• Your pediatrician should prepare a comprehensive care plan for your child. You should be given information on your child’s seizure type and if there is a possible epilepsy syndrome. You should receive treatment and emergency management plans which may include the use of midazolam.

  • For those children with uncontrolled seizures, the ketogenic diet (which is high fat, adequate protein, low carbohydrate) can been used to treat seizures once a child has been trialled on two or more medications.

    Whilst on the ketogenic diet, the body burns fat, not sugar, for energy (ketosis). The ketogenic diet is rigid, and strictly calculated, and requires commitment by both the parent and child.

    Children on this diet cannot deviate from it. Specialist advice and support are essential before starting on this diet with your child.

    There are a number of reputable websites that help with up-to-date information, and Ketogenic diet recipes:
    The Daisy Garland
    Matthews Friends
    Atkins for Seizures

  • Some children with uncontrolled seizures may be candidates for surgery, or the use of a vagal nerve stimulator. Your epilepsy professional can advise about these options.

  • Some children living with epilepsy will experience depression or anxiety, and some of these children will have suicidal thoughts. Mood disorder symptoms may look different from child to child. Many will have low self-esteem and negative thinking but some will show irritability and disruptive behaviours, poor school performance, changes in sleep patterns or appetite.

  • Parents and teachers are to be aware of mood changes in children especially if seizures worsen, or after a medication change. Medical help and mental health support will be needed.

  • Safety in the home (see “Safety in the home” fact sheet) and at school is important for all children with epilepsy. A risk management plan should be formulated with your child’s classroom teacher and school (see “Risk management” fact sheet). There should always be direct supervision by an adult around water activities including bathing and eating. Children should avoid biking in any traffic and climbing to heights greater than one metre, with the exception being playgrounds with safety mats.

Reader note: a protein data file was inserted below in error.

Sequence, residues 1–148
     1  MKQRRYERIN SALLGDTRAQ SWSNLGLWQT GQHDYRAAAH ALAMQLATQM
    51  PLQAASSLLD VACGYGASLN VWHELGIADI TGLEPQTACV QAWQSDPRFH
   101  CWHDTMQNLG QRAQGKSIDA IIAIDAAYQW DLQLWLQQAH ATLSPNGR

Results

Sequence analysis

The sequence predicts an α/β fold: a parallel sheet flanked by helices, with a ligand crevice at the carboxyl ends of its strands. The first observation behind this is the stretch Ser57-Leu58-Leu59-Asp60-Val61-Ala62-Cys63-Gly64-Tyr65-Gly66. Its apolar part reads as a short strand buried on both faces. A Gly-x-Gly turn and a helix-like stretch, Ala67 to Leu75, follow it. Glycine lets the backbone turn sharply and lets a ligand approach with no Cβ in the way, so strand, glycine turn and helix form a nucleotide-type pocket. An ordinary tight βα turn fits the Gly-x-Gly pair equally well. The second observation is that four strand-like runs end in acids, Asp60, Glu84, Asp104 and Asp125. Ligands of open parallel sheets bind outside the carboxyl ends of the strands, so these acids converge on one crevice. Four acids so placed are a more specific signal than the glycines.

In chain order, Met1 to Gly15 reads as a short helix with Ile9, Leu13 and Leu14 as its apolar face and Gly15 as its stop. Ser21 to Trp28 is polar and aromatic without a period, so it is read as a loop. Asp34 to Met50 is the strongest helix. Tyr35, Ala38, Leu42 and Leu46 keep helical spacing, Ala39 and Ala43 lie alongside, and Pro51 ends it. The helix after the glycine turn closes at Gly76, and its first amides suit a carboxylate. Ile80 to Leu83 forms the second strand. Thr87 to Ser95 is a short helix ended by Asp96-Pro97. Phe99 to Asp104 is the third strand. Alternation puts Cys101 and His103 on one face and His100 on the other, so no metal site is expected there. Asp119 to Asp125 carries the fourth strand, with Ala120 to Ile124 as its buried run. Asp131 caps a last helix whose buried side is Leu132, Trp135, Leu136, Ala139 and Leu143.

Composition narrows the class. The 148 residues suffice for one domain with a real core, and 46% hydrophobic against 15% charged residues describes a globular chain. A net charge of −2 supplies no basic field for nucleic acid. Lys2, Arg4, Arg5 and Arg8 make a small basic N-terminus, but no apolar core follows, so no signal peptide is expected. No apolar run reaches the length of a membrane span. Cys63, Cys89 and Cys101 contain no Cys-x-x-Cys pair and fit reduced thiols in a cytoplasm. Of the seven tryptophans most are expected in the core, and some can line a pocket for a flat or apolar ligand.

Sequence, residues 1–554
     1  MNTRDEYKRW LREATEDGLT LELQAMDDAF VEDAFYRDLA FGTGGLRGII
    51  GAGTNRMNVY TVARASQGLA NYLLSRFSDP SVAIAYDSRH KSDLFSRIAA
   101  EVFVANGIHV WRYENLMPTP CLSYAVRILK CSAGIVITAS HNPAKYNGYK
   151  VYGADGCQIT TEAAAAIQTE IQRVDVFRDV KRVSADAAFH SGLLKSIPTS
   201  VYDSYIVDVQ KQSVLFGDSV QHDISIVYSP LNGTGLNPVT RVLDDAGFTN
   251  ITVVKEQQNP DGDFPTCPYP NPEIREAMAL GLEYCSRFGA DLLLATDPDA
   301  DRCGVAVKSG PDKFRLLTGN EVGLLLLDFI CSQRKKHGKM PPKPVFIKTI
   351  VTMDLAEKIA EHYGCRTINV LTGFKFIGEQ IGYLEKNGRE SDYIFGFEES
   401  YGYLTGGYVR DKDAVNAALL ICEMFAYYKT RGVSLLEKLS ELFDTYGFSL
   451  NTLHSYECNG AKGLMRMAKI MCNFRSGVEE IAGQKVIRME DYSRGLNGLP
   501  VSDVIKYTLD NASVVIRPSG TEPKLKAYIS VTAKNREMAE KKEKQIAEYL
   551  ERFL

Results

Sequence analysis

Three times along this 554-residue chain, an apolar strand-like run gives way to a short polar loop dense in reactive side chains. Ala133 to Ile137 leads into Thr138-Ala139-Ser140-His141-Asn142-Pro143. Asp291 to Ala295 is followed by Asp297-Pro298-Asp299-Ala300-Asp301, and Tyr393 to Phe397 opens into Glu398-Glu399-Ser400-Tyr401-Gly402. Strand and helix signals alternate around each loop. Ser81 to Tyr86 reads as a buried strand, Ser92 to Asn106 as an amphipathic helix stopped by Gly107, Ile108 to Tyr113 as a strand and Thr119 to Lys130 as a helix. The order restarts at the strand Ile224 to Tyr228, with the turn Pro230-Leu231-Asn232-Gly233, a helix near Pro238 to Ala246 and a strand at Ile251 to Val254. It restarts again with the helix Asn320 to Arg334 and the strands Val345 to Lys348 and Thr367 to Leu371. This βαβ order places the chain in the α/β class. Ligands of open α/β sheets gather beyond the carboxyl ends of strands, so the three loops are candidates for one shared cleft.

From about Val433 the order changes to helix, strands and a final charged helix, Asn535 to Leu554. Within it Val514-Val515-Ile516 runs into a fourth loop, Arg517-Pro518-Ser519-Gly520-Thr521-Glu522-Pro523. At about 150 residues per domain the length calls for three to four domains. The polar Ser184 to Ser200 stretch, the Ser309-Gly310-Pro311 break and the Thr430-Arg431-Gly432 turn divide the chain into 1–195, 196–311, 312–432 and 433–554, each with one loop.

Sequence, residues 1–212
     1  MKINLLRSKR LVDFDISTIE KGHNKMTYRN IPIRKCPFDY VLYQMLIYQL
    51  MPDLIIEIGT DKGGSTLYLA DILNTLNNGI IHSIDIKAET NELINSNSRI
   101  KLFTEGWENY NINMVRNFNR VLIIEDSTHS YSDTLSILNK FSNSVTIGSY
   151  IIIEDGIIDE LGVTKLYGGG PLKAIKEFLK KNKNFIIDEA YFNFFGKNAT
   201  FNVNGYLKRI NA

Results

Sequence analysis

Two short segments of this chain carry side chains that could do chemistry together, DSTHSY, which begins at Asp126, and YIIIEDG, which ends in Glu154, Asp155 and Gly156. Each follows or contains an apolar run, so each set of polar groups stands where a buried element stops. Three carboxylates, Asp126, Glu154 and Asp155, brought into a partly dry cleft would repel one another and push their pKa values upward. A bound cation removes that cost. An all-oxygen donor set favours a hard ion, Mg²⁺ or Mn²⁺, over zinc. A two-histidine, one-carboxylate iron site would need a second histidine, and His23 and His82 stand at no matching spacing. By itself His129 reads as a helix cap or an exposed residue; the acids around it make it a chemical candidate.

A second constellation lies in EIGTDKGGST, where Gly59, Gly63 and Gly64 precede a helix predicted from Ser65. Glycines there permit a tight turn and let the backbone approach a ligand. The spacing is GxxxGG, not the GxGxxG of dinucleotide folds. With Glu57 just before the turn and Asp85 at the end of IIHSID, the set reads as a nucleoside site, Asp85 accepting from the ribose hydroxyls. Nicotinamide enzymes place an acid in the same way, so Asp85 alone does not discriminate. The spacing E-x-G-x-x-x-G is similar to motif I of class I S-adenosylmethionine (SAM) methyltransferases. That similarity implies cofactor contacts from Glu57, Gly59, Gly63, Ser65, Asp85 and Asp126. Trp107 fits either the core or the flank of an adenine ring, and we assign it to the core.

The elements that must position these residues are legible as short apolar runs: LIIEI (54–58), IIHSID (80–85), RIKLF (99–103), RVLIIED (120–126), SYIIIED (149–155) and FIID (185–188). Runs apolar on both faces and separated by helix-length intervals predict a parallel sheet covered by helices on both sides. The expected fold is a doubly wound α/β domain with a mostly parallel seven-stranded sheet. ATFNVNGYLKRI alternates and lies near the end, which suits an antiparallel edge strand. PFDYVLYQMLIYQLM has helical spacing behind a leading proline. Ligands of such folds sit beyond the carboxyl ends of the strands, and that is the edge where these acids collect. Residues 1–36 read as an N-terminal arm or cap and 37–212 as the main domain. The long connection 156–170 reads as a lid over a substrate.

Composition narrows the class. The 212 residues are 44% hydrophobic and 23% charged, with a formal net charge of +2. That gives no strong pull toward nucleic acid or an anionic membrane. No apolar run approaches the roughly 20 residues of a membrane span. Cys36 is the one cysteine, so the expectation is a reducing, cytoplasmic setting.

• Ask for information, help and support from your EWCT epilepsy advisor. Your epilepsy advisor will explain the following:

    • What is epilepsy?
    • What are the different types of seizures?
    • Explain the difference between epilepsy and non-epileptic seizures
    • Discuss medications and how they work
    • Explain seizure triggers and how to manage them
    • Show you how to fill out a free EWCT seizure diary
    • Create an epilepsy action plan so you know what to do in the event of a seizure. It can be shared at schools/residential homes, etc
    • Discuss lifestyle issues and how to overcome them
    • Explain what happens in an EEG
    • Connect you with other social services
    • Explain what benefits you can receive and information on Ministry of Health funding
    • Give epilepsy-awareness talks to schools etc.
    • Give you children’s books on epilepsy
    • Advocate on your behalf

    By becoming informed you will feel empowered to manage your child’s epilepsy.

    Many children with epilepsy can lead a good life and many will outgrow their condition. Ensure positive social interactions at home, at school and with family and friends. Please remember that having epilepsy is only a small part of who your child is.

Disclaimer: this fact sheet is for education purposes only. Please consult your doctor or other health professional for advice regarding your epilepsy.
Last modified: February 11th, 2022 by EWCT | Posted in: Fact Sheets